You would be hard pressed to find someone in the UK who hasn’t, at some pivotal point in their lives, avidly watched Top Of The Pops. It’s become part of our national heritage despite the fact that in many cases the songs are mimed and the selected acts appear courtesy of their record sales regardless of any artistic talent. The hotchpotch of musical styles that follow one another during a particular show has always made it an argumentative programme, where an act is either lauded or condemned depending on whether you’re watching as a child or a parent: and it’s always seemed to me to be a family show – in some senses akin to a traditional variety show – where the main meeting of minds only comes with cringing at acts such as the Goombay Dance Band. TOTP has never set out to shock.
Considering there are over 10,000 performances in the archives to choose from then the compilers of the 40 songs listed here (one taken from each year) have had a difficult task. The result is a series of clips that attempt to be representative of the period they come from, whilst also appealing to the masses (the BBC obviously want to sell this product and be as user-friendly as possible). Because of this, inevitably, the DVD is a mixed bag and, whilst it’s deserving of the five rating for presentation, evaluating the musical contents is difficult because each viewer will bring their own teenage years to their appreciation of the product.
As a flavour: the DVD kicks off sedately with Little Children by Billy J. Kramer And The Dakotas from the first preserved TOTP performance, winds its way through the 1960s via Procol Harum, slides into the 1970s with The Three Degrees and Slade, feels as though it tarries too long in the 1980s with UB40 and Wham, and races through the 1990s until the present day with the Manic Street Preachers, Blur, Oasis, and The Darkness; finishing with Gary Jules’ Mad World.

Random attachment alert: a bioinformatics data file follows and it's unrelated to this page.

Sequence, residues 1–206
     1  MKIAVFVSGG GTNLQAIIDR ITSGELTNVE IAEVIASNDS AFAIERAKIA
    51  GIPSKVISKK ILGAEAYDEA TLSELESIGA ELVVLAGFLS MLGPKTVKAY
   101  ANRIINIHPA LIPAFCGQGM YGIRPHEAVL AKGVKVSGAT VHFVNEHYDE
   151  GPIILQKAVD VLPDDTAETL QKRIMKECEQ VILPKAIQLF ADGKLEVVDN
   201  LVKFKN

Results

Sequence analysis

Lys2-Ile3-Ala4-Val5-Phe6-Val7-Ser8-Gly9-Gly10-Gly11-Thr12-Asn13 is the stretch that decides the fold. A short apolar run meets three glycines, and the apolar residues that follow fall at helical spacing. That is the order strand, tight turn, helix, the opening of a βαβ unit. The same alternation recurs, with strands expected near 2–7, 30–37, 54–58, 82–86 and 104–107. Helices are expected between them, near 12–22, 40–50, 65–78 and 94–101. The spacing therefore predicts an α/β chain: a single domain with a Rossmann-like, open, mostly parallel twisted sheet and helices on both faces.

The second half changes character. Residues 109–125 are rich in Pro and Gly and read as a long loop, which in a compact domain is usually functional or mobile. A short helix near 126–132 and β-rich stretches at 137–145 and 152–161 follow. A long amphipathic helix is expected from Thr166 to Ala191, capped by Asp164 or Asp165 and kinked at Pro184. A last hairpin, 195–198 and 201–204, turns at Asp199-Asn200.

The most avant-garde performance features Sandie Shaw singing Long Live Love in an empty studio with bizarre camera angles of absent audiences (although the commentary doesn’t specify why the rehearsal version is on the DVD, or whether in fact this was the broadcast version). Close on her heels The Crazy World Of Arthur Brown’s Fire comes complete with the singer wearing a halo of fire. I also found it more interesting when the selected song wasn’t the clichéd choice from a particular act (such as Queen performing Good Old Fashioned Lover Boy).
One of my personal annoyances is the avoidance of punk, with 1978 and 1979 represented by The Jam and Ian Dury who, despite their pedigree, are a safe bet for the BBC. One of my surprises was the vibrant lipstick of Human League’s Phil Oakey. It makes the outrage that accompanied Boy George’s appearance the following year all the more puzzling.
The extras include a brief compilation of Pan’s People and other sundry dance groups, and an unenlightening tour of the studios, but sadly it lacks a section on the DJs. Ultimately this DVD is bound to create a few reminisces, but it isn’t intended to be a cultural document, just an extended version of TOTP 2 which you’d probably be better videoing and editing from the television rather than buying this collection and skipping through the Spice Girls.